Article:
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   Linnaeus named the Salsola genus in 1756. "Salsola" is the Latin diminutive for "salty", referring to a common habitat for this plant, salty soils.

   Photographs on this page show two of the invasive Tumbleweeds that we see blowing across roads and piling up against fences in the West.  Stems are stout and when the plant dries and tears off at the base of its central stem, the side stems support the plant as it tumbles along spreading its seeds.

   Determining the exact species of Salsola can be a prickly task.

   S. collina has appressed, imbricate bracts; a narrow, dense, uninterrupted spike; and perianth segments wingless or the wing narrow and erose (irregularly toothed, gnawed appearing).

   S. tragus has reflexed, not imbricate bracts; an interrupted spike; and perianth segments winged. 

   Tumbleweed was, according to A Utah Flora, introduced to South Dakota in 1873 from Russia in a load of Flax seed.  The mature plants tumbled quickly through the West invading millions of acres.  Tumbleweed makes for many ecological problems, but does provide decent winter food for cattle and it makes a darn good song.  Click to hear some of the song.

Salsola collina

Salsola collina (Tumbleweed, Pallas' Tumbleweed)
Amaranthaceae (Amaranth)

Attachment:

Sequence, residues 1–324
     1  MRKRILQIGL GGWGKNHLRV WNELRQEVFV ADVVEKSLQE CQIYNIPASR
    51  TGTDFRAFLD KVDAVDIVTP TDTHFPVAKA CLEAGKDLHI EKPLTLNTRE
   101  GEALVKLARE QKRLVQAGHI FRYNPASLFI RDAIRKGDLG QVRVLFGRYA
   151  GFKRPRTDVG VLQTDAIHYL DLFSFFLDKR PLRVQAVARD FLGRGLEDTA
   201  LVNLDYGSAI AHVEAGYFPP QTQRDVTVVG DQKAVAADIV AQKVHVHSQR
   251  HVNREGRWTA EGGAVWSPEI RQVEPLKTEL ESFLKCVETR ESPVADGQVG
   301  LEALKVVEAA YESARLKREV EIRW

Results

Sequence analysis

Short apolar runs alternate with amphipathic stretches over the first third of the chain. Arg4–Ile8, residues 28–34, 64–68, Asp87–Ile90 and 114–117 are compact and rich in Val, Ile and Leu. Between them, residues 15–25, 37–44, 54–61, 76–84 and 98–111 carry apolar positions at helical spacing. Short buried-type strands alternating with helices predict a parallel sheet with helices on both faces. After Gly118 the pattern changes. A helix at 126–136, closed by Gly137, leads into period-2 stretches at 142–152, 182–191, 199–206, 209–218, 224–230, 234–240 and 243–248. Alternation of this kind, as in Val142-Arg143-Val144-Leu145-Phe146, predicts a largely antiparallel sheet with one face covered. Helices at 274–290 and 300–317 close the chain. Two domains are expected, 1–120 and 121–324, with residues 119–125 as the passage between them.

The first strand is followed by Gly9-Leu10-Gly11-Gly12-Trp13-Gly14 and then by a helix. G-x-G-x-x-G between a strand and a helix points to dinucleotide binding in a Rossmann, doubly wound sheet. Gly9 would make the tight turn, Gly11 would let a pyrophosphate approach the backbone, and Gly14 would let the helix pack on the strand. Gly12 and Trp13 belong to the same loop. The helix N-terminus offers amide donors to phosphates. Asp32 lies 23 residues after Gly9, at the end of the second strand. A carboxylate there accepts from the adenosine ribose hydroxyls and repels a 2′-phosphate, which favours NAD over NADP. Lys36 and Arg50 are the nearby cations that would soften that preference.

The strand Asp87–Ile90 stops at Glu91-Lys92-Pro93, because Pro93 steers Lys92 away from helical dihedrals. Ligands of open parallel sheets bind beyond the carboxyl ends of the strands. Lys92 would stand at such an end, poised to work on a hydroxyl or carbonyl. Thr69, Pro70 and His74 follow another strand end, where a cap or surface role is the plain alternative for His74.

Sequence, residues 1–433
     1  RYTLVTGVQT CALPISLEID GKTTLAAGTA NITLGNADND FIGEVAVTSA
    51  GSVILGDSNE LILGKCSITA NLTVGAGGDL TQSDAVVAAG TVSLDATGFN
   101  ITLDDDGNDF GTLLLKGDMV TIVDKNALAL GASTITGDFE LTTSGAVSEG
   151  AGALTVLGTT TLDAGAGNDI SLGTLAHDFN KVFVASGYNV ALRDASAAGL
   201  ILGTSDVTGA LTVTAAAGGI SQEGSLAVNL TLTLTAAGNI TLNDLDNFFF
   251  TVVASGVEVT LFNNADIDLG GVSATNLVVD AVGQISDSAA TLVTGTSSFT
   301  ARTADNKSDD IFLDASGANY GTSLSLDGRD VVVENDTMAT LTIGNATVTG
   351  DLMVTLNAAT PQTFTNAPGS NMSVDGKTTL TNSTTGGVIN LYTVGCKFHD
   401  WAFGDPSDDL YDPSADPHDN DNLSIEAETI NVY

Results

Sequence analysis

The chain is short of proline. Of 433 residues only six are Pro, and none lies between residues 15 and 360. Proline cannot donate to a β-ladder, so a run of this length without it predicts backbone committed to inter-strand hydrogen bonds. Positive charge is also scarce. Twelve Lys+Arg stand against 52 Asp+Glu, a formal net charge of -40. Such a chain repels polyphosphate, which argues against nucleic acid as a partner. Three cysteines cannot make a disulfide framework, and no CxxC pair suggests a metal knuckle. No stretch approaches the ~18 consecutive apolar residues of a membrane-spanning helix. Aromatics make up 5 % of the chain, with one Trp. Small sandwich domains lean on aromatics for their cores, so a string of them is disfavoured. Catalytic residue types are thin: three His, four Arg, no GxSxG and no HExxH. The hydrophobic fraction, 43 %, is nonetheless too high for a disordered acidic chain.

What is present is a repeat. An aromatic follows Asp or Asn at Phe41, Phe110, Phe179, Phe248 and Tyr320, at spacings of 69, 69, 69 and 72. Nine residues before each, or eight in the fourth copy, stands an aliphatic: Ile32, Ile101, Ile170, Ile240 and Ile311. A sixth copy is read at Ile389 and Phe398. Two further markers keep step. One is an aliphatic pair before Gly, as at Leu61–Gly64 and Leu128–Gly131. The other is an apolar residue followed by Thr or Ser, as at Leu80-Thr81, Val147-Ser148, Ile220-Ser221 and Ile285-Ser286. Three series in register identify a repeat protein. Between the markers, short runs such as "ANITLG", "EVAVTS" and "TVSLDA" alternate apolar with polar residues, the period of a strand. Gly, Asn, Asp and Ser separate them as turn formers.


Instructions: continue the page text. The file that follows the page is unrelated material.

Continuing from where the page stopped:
formerly Chenopodiaceae (Goosefoot Family)

Semi-desert. Shrublands. Summer, fall.
Bisti/De-Na-Zin Wilderness, New Mexico, October 9, 2007.

Peter Pallas named this species in 1803 from specimens collected in Siberia between the Ural and Samara Rivers. "Collina" is Latin for "hill".

 

Salsola tragus
Salsola tragus   (Tumbleweed, Russian Thistle)
Amaranthaceae (Amaranth)
formerly Chenopodiaceae (Goosefoot Family)

Semi-desert. Shrublands. Summer, fall.
Hunter Canyon, Utah, September 26, 2005.

Salsola tragus was named by Linnaeus in 1756 from specimens collected in "Habitat in Europa australi. Sauvages." (from habitat in wild areas of southern Europe). "Tragus" is Greek for "Goat"; the word was used by Dioscorides for this plant because Goats favor it.

Salsola paulsenii
Salsola tragus   (Tumbleweed, Russian Thistle)
Amaranthaceae (Amaranth)
formerly Chenopodiaceae (Goosefoot Family)

Semi-desert. Shrublands. Summer, fall.
Hunter Canyon, Utah, September 26, 2005.

Range map © John Kartesz,
Floristic Synthesis of North America

State Color Key

Species present in state and native
Species present in state and exotic
Species not present in state

County Color Key

Species present and not rare
Species present and rare
Species extirpated (historic)
Species extinct
Species noxious
Species exotic and present
Native species, but adventive in state
Eradicated
Questionable presence

Salsola collina

Range map for Salsola collina

Salsola tragus

Range map for Salsola tragus